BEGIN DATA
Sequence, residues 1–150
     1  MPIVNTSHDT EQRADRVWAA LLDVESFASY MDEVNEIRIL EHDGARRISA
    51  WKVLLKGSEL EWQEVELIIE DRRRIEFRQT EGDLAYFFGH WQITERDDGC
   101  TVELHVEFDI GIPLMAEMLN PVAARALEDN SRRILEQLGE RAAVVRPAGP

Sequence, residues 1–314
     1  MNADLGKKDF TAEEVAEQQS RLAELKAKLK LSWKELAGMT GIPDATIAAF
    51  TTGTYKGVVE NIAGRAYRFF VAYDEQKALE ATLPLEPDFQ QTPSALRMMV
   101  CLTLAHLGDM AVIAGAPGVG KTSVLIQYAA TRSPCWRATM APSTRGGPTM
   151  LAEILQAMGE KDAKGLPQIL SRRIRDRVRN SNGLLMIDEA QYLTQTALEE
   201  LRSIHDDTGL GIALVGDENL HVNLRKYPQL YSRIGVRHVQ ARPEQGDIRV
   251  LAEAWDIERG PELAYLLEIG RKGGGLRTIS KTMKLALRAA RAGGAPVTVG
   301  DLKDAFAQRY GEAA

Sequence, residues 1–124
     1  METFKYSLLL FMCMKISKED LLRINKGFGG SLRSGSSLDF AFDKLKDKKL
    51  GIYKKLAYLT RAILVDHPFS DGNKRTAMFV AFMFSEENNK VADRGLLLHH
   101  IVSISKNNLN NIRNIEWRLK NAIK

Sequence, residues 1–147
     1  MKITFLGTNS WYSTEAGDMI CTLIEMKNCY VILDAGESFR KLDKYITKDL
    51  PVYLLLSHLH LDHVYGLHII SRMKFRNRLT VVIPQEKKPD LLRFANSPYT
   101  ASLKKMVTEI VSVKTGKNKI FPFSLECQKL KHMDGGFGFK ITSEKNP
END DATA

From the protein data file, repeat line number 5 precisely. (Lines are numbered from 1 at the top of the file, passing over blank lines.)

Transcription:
Sequence, residues 1–314